Justin Welby says he has no plans to retire from CofE top job ahead of Lambeth Conference

Some Anglican leaders warn against focusing on ‘peripheral matters’

The Archbishop of Canterbury Justin Welby
The Archbishop of Canterbury Justin Welby | ANDREW WINNING/REUTERS

Justin Welby said he has no plans to retire early from his position as archbishop of Canterbury days before Anglican bishops gather for the Lambeth Conference which some leaders are boycotting amid ongoing debates over the denomination's stance on human sexuality and marriage. 

As long as he is healthy and "people are happy” with him, Welby told The U.K. Times, he has no plans to leave his post until he reaches the retirement age of 70 in 2026. 

“It’s not about me, it’s what’s best for the church,” Welby added, days before the gathering of more than 650 global Anglican leaders in Canterbury, England. “I will certainly take advice and if my health is good and people are happy that I’m still there, then I’ll still be there."

If Welby remains in office until January 2026, completing about 13 years of service, he will become the longest-serving archbishop of Canterbury in half a century.

Any decision about taking early retirement, he said, “would be arrived at in prayer, thoughtful consultation with others, family, colleagues, friends.”

The Anglican denomination boasts nearly 100 million members worldwide and Lambeth Conference, which is held once every 10 years, is attended by bishops who represent autonomous member churches from 165 countries. This year's conference is taking place after a gap of 14 years, instead of 10 years, due to differences over controversial issues and the COVID-19 pandemic lockdowns.

Bishops from Rwanda, Nigeria and Uganda have already decided not to attend in response to Anglican churches in the U.S., Scotland and Wales allowing clergy to officiate same-sex weddings. Separately, six other bishops are refusing to attend the conference because their same-sex spouses have been denied an invitation.

In response to church leaders who are boycotting the conference because they believe organizers are focusing on “peripheral matters" such as climate change, Welby said: “I’m concerned. … We will miss them. We regret very much they won’t be there.”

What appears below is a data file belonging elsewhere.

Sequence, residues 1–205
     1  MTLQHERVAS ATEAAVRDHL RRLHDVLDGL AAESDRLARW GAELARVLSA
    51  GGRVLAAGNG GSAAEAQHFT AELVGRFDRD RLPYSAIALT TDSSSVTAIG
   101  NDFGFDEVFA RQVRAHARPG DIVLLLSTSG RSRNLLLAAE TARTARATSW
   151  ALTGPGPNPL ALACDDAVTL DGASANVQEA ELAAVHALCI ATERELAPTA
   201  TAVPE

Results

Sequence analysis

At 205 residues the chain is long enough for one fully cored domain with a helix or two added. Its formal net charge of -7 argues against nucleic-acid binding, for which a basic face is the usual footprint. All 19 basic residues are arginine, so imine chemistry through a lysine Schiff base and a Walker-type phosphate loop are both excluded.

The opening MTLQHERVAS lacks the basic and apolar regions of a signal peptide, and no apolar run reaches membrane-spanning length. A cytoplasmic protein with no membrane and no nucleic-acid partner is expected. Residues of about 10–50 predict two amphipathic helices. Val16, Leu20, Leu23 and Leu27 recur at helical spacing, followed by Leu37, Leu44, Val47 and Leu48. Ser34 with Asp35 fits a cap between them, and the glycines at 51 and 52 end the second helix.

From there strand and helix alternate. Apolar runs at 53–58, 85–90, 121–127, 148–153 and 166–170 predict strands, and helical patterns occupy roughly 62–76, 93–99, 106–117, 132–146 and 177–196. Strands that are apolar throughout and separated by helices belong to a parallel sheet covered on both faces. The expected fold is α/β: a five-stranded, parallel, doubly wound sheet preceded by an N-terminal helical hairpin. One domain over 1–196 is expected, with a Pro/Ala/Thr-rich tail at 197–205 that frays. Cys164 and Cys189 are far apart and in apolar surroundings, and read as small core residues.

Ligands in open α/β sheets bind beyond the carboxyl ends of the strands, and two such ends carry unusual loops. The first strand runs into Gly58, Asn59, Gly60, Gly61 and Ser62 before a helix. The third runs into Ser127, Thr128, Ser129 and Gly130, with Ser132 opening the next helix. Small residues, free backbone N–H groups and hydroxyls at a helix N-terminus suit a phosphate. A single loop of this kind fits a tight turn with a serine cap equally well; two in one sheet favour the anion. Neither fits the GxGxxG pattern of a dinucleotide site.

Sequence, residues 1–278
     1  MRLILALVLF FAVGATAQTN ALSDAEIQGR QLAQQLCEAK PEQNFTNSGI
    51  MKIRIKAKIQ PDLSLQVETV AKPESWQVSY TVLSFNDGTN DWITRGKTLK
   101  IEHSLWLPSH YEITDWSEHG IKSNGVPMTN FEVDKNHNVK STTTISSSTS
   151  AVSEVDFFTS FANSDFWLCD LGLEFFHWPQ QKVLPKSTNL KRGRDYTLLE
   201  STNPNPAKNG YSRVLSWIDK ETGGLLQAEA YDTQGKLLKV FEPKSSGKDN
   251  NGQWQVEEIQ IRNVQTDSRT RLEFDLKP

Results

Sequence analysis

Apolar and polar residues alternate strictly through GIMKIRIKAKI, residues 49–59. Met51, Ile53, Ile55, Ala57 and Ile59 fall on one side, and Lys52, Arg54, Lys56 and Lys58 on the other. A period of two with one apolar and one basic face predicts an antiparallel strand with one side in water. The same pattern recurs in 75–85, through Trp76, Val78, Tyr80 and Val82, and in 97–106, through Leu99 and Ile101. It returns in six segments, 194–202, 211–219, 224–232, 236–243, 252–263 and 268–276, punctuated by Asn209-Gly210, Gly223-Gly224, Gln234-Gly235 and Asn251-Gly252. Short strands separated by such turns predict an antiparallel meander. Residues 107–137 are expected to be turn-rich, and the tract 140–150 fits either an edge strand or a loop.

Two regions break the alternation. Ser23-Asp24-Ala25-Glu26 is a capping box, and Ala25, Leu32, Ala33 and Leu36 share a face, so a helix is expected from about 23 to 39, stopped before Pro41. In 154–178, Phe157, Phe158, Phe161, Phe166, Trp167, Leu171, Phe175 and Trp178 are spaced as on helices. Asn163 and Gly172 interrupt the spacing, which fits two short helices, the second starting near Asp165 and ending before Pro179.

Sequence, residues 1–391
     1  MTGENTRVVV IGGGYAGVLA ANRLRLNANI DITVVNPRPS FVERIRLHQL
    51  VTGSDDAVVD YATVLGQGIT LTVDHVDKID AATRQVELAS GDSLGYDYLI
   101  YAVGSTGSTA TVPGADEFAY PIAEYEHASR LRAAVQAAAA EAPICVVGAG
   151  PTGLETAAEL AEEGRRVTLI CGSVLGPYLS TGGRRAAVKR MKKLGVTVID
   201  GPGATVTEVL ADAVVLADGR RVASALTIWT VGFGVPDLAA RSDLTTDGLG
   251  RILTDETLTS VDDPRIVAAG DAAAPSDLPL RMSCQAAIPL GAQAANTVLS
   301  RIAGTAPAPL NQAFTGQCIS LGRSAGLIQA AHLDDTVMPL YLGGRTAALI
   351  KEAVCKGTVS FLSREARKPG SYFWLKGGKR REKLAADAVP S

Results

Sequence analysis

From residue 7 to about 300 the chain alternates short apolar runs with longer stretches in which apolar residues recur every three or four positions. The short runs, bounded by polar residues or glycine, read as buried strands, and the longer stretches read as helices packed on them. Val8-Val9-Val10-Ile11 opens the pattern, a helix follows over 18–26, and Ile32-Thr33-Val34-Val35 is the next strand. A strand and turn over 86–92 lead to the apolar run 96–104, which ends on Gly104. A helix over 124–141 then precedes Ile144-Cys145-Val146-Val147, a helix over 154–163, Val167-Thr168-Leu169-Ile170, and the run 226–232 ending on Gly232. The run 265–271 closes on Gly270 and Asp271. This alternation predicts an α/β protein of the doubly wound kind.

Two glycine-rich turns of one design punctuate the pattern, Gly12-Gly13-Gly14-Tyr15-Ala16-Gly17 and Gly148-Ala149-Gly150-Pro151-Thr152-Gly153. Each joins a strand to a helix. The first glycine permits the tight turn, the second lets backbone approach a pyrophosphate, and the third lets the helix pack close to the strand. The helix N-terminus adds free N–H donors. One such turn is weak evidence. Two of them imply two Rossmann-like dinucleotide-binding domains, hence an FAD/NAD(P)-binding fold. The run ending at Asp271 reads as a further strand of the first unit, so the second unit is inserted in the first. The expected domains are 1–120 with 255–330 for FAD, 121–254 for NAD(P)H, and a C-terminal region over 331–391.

Welby added that the invitation to attend is still open to all bishops and only one three-hour session will be spent on the topic of human sexuality and ensuing debates on the matter. 

The Communion’s position that same-sex marriage is not permissible is on the agenda this year, alongside calls for reparations for slavery and discussions on climate change, war, migration and persecution, according to Religion Media Center.

The bishops could be asked to vote on Resolution 1.10 of the 1998 Conference, which rejected homosexual practice as “incompatible with scripture.”

Last week, draft calls to be made during the conference were published in a new booklet for the bishops.

Some calls will be on contentious subjects, “not with the aim of a dramatic change to the Church’s teaching, but on bringing us into deeper love for one another and understanding how God is calling us to be God’s Church for God’s world,” the archbishop of Canterbury told a virtual press conference last month, according to Church Times.

The call to reaffirm Resolution 1.10 is part of the “Call on Human Dignity,” led by the Primate of the West Indies, Howard Gregory.

“All human beings are made in the image of God. Therefore Anglicans are committed to respect, protect and acknowledge the dignity of all,” it reads. “That has been, however, a gap between rhetoric and reality.”

It continues: “Historical exploitation, deepening poverty, and prejudice continues to threaten human dignity. Amid these threats, and our own divisions and discernment, we call for: (i) an Archbishop’s Commission for Redemptive Action; (ii) the establishment of an Anglican Innovation Fund; and (iii) the reaffirmation of Lambeth 1:10 that upholds marriage as between a man and a woman and requires deeper work to uphold the dignity and witness of LGBTQ Anglicans.”

In a message sent to the bishops ahead of the conference, Welby wrote that his prayer is that they “reflect on the draft Call on Anglican Identity, which states that Anglicans ‘belong to a tradition that seeks faithfulness to God in richly diverse cultures, distinct human experiences, and deep disagreements.’”

That call, he continued, also states: “The Anglican Communion is a gift from God. Governed by Scripture, affirming the ancient creeds, sacramentally centered, and episcopally-led-Anglicans seek to be faithful to God in their agreement and in their disagreements.”

The issues on which the bishops deeply disagree do matter, but they should approach the conference with “an even deeper sense of what unites us: the love of Jesus Christ and His calling to serve God’s world,” he concluded.

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